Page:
The upper part of the curve, where the waist is and there are darts, isn't the area you trace. Mine looked really awkward because of that.  But the lower area still looked a bit odd, so I scrapped that idea.  When I sewed the muslin, it kinda was droopy and wide.  I'm not sure if I did it wrong, but when I did the copy of the jeans I liked, it came out a bit tighter and got rid of that droopiness.  
Loreli, I agree.  Once you've found a good curve, it's easy enough to make a template and transfer it so other pants you make fit well.  I was just hoping the flexiruler would be a good way to find the curve with clientele.  It seems easier to ask them to shape it to their body than to have them keep trying on a pair till you get it just right.  Sometimes, they don't have a decent fitting pair of pants to copy the curve off of so this would've been a good solution... if it worked.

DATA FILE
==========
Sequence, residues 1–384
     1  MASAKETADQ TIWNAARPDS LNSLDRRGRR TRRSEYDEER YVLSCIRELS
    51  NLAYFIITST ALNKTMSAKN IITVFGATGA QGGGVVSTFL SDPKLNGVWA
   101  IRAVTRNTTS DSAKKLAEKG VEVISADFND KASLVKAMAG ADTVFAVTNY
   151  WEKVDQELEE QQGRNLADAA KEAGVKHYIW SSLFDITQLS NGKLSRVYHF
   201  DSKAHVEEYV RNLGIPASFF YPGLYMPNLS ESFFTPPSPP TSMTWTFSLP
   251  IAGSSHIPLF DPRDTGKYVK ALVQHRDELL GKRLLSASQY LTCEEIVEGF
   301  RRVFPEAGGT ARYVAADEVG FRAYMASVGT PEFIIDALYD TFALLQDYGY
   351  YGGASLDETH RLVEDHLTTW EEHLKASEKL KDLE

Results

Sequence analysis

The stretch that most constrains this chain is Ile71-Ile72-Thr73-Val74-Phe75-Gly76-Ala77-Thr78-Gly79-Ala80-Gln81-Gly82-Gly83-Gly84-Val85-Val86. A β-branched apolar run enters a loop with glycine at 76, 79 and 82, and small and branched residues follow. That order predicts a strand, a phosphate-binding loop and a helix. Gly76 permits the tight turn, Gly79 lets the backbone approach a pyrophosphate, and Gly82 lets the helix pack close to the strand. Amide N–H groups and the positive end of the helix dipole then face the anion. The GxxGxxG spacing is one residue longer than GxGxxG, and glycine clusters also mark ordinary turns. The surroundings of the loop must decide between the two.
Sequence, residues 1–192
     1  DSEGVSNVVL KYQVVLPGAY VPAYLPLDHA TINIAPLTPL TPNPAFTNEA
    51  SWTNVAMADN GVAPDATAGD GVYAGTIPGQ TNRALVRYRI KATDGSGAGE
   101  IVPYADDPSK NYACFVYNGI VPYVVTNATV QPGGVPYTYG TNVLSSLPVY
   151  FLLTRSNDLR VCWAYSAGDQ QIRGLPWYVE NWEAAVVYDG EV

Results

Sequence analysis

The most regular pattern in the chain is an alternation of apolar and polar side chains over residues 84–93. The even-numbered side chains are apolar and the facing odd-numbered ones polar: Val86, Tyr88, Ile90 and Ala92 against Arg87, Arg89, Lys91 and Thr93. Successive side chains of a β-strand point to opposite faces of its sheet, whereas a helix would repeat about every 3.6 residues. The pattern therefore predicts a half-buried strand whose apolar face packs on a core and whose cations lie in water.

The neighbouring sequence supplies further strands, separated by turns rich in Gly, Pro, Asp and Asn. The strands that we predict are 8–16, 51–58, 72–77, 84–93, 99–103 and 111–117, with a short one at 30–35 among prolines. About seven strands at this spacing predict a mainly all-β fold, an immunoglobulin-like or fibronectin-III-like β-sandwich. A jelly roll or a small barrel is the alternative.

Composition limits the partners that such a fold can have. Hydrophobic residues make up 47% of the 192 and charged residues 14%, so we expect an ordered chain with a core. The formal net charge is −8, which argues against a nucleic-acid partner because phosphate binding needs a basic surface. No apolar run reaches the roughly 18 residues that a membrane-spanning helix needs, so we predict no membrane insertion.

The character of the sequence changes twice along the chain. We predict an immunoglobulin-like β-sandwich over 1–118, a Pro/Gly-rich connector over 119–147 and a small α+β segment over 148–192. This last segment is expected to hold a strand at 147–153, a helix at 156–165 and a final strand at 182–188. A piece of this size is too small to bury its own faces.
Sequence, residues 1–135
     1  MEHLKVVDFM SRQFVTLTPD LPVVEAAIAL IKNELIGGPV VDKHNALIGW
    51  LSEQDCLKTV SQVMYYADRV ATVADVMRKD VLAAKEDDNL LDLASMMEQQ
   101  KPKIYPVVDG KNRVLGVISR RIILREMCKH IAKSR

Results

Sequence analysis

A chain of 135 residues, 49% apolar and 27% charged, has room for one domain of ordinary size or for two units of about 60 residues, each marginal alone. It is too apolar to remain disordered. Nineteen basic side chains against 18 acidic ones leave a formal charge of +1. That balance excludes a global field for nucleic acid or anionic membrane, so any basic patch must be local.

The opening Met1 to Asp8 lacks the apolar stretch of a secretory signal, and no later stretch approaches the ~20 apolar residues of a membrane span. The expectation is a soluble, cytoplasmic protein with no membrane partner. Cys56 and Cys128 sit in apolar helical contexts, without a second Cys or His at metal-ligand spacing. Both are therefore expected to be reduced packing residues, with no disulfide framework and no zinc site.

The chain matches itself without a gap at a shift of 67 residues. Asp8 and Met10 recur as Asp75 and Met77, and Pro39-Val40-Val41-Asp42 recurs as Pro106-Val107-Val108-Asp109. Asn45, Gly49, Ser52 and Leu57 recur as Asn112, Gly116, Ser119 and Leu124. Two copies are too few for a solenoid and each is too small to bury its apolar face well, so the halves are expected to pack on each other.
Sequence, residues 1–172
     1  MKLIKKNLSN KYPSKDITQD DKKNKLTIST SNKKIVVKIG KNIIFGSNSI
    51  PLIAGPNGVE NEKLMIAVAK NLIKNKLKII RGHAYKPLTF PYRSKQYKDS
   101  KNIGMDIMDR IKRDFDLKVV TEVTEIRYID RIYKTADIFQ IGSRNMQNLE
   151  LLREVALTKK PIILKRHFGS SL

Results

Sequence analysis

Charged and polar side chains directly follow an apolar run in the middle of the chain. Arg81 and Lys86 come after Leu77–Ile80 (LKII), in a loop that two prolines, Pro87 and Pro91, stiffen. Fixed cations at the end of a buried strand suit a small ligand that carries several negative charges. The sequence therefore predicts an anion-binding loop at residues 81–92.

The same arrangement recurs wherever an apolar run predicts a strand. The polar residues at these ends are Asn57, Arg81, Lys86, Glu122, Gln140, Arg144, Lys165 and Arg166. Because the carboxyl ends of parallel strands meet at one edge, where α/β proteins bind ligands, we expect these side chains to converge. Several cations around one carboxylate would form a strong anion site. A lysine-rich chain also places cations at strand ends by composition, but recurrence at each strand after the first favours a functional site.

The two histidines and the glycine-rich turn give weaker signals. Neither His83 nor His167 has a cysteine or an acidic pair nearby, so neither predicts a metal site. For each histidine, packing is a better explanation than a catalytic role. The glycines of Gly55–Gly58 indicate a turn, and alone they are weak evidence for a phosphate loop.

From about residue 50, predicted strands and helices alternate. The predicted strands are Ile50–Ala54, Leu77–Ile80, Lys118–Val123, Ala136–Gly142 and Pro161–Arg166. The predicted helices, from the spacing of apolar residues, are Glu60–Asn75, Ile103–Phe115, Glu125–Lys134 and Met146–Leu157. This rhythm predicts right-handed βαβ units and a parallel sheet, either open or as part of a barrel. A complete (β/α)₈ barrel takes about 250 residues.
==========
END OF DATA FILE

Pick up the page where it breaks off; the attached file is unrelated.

Dale

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"ACK! I'm having withdrawals! Get me to a sewing machine... NOW!"

Ashford
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Ashford
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thumbsup 1 member likes this.
Date: 10/7/13 12:10 PM

I liked the logic about drafting the pant pattern in this blog article.

1. start with a pencil skirt draft to get the correct fit at waist and hip

2. how to convert the skirt pattern to a pant pattern

3. how to convert the pant pattern to a jean pattern

===============
Blog: The Sewing Corner
Author: Sabrina Wharton-Brown
Article: How to Draft Stereo-butt/Non-mono-butt Jeans
Date: Friday, 28 December 2012
===============


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Know, first, who you are; and then adorn yourself accordingly. ~Epictetus

Miss Fairchild